Granted the database is a huge piece of work, but it is long overdue at this stage.

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Retiring Garda Sergeant began career in Killarney

Antoinette Cunningham who retired last week from An Garda Síochána and the Association of Garda Sergeant’s and Inspector’s as their General Secretary started her career 33 years ago in Killarney. […]

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Antoinette Cunningham who retired last week from An Garda Síochána and the Association of Garda Sergeant’s and Inspector’s as their General Secretary started her career 33 years ago in Killarney.

Sergeant In charge at Killarney Garda Station Dermot O’Connell paid tribute to her achievements and her unrelenting commitment to improving the policing environment.

As a former Chairman, Secretary and delegate of the Kerry Branch, Sergeant Dermot O’Connell worked closely with Antoinette in AGSI for many years.

“Her support for members of the Association was second to none. Antoinette always pursued what was right and just. Her ability, knowledge and professionalism was acknowledged both internally and externally by other representative bodies and also professional bodies,” he said.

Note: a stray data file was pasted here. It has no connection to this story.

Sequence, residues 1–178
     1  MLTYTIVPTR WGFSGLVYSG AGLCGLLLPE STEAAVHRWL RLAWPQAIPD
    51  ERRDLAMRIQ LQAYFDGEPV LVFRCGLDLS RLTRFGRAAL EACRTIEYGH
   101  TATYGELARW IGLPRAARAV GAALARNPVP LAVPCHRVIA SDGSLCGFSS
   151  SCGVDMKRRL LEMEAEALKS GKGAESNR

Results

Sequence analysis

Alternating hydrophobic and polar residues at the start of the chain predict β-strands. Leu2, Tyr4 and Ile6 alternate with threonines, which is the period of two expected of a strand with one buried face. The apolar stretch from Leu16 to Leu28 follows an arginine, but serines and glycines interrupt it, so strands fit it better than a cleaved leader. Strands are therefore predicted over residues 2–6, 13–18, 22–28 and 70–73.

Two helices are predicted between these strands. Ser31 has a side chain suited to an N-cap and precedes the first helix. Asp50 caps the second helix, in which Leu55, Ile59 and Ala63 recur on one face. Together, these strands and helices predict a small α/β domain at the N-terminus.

“When Antoinette arrived here at her first station, the late Jack McGrath was the Sergeant In Charge.”
“As many know Sergeant Jack McGrath frequently walked the beat. During this time Jack shared much of his experience with Antoinette who proved her ability as a competent Garda to Sergeant Jack McGrath. “
“Jack was very impressed by her ability even at that early stage, he always spoke highly of Antoinette and followed her career path with great interest.”

Antoinette subsequently transferred to Limerick (Roxboro Road and Mayorstone Garda Stations). As a Sergeant she moved to the Garda College and completed a Master’s Degree in Adult Learning and a BA in Training and Education.
In 2021 Antoinette was honoured by University Galway with an Alumni Award for her significant contribution in the field of policing.